Thus, numerical studies can provide an efficient bridge between the analytical calculation and experiments. Dynamic density functional theory (DDFT) Kyrylyuk et al. (2003); Kyrylyuk and Fraaije (2006); Lyakhova et al. (2006); Xu et al. (2005), self-consistent-field theory (SCFT) Lin et al. (2005); Matsen (2006a) and cell dynamics simulations (CDS) Pinna and Zvelindovsky (2008) have previously been employed to study electric field induced alignment.

The focus of most numerical studies have either been on mechanism of alignment of ordered domains Böker et al. (2003); Zvelindovsky and Sevink (2003); Schmidt et al. (2005); Pinna et al. (2009); Ruppel et al. (2013) or on order-order transition from one morphology to the other in bulk samples Ly et al. (2007, 2013); Li et al. (2013); Schmidt et al. (2010); Pester et al. (2015). The effect of substrate interaction and confinement have not been investigated thoroughly which could significantly alter the phase morphologies and critical electric field for transition. Matsen studied the stability of monolayer Matsen (2005) and multilayer Matsen (2006b) lamellae films but did not consider substrate affinity. Lyakhova et al. Lyakhova et al. (2006) and Kyrylyuk et al. Kyrylyuk and Fraaije (2006) did consider substrate interaction, but the effect of film thickness was not considered. Moreover, the presence of any intermediate or mixed phases were not observed. Thus, the primary objective of the present work is to systematically investigate the effect of substrate interaction and confinement on the resulting morphologies. We adopt a coarse-grained Cahn-Hilliard approach to study the self-assembly of symmetric diblock copolymers under competing substrate interaction, electric field and confinement.

Secondly, one of the serious shortcoming of most previous works involve an approximate solution of the electrostatic field. The perturbed solution of the Maxwell equation is based on the assumption of weak fractional variation of the dielectric constant Amundson et al. (1993, 1994). Though appropriate in the proximity of the order-disorder transition(ODT) temperature, the results can be significantly marred as the segregation increases. Such an assumption is relaxed in the present study by coupling the Ohta-Kawasaki functional to Maxwell equation to calculate the electrostatic field distribution.

The organization of the paper is as following. In the next section we present our diffuse interface model, followed by a presentation of our results in section III. We conclude the paper by comparing the results to that from experiments and SCFT calculations in section IV.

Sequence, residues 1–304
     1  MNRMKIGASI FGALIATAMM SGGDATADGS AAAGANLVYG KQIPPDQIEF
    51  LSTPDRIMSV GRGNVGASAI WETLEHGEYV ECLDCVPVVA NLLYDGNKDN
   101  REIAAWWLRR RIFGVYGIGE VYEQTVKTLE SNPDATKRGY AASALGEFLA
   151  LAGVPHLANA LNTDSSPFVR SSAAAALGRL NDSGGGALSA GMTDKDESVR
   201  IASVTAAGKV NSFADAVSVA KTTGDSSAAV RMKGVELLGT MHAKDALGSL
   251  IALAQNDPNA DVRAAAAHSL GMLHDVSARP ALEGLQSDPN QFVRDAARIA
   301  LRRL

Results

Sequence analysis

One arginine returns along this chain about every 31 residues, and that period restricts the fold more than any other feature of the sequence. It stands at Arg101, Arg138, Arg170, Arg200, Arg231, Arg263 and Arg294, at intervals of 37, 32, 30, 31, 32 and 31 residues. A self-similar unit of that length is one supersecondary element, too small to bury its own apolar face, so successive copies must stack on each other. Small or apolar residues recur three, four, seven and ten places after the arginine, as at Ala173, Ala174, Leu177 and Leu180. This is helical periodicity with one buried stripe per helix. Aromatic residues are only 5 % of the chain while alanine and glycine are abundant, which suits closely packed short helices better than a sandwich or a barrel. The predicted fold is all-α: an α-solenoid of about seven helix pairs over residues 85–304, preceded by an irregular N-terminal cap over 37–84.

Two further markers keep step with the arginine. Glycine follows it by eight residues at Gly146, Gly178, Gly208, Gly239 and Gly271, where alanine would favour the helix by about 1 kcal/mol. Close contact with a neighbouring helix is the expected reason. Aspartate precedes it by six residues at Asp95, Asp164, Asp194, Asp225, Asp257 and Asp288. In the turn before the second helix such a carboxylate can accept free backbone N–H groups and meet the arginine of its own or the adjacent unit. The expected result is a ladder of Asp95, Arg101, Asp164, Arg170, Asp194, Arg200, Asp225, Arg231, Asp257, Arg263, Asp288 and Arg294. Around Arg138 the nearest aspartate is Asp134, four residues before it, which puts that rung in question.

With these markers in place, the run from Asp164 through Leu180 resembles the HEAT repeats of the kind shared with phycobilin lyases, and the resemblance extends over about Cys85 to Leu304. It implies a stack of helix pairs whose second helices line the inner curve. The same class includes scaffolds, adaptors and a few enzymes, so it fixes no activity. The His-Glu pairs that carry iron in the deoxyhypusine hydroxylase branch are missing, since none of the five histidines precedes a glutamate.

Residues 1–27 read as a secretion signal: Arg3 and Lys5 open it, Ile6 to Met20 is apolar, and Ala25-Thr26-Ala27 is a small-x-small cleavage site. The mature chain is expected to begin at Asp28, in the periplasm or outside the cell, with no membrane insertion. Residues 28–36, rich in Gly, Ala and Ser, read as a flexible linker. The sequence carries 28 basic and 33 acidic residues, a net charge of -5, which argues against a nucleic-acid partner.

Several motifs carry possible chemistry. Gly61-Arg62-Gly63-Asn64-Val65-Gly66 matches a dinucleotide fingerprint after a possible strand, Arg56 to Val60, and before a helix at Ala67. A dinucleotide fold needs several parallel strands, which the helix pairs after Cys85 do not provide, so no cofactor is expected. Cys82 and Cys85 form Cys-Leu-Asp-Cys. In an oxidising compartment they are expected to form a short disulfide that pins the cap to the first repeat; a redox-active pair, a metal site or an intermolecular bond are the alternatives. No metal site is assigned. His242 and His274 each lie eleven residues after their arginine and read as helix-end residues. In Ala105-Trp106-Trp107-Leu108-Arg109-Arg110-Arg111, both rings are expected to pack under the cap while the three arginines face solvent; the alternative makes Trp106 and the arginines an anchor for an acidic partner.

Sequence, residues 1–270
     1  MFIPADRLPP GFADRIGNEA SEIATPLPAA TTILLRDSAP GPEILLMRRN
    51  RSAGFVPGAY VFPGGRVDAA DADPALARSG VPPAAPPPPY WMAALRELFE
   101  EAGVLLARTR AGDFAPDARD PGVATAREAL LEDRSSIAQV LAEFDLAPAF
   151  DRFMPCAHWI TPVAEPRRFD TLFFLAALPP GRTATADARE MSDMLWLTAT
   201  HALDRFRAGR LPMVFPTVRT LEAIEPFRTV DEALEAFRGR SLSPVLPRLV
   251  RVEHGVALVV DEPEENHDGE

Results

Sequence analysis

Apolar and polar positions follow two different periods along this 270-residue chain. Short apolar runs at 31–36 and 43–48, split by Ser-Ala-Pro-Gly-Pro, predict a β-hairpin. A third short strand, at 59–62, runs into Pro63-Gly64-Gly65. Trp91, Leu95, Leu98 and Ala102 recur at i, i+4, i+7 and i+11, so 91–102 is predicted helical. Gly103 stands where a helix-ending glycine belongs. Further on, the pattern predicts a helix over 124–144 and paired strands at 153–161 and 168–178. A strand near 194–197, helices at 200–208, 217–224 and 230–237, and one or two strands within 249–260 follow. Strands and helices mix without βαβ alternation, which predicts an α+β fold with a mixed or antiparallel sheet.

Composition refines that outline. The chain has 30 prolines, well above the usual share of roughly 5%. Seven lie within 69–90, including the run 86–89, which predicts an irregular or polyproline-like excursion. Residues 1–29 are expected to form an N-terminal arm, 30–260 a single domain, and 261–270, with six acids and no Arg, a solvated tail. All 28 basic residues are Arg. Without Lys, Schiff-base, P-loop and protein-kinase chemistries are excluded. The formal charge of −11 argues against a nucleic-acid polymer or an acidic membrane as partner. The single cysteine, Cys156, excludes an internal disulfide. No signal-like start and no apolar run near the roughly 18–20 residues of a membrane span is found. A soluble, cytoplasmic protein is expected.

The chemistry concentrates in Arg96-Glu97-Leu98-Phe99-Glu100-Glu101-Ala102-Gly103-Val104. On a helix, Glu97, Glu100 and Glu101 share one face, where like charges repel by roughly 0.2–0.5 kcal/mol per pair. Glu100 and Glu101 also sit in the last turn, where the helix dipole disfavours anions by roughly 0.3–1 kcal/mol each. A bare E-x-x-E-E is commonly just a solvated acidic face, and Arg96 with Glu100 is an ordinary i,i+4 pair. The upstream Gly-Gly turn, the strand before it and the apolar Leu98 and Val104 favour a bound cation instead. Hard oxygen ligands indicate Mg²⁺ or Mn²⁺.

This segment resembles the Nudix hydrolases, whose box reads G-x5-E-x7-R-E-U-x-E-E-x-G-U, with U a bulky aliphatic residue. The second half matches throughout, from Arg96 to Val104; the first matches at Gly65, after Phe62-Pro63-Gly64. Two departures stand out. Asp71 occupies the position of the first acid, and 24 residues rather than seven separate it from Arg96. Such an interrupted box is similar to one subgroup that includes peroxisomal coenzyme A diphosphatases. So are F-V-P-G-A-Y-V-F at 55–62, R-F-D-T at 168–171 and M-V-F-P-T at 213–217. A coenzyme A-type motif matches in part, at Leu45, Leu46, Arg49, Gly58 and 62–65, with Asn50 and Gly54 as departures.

## Ii Theoretical Model and Numerical Methods

### ii.1 Theoretical Model

The diffuse interface approach to model block copolymers follows the Ohta-Kawasaki free energy functional Ohta and Kawasaki (1986), which includes a long-range interaction term in addition to short range interaction terms (bulk + interfacial energy) in the Cahn-Hilliard model Cahn and Hilliard (1958) to account for chain interactions. The bulk part of the free energy functional of a diblock copolymer can be written as Bahiana and Oono (1990); Liu and Goldenfeld (1989); Chakrabarti et al. (1989); Choksi, Peletier and Williams (2009),

 FbulkkBT= ∫V[f(ψ)+κ2|∇ψ|2]dr (1) +B∫V∫VG(r,r′)ψ(r)ψ(r′)drdr′

where the terms in the first integral constitute the short-range interactions, while the second integral consists of the long-range interaction. is an order parameter that denotes the local concentration difference between the two components, . is the bulk free energy taken to be of the form to account for two stable phases () below the critical temperature. is the gradient energy coefficient which penalises gradients in the order parameter. is a numerical parameter that determines the extent of microphase separation and scales as , where N is the number of segments. G is the Green’s function having the property = . The parameters and are related to the polymer architecture through the relations Ohta and Kawasaki (1986); Choksi, Peletier and Williams (2009),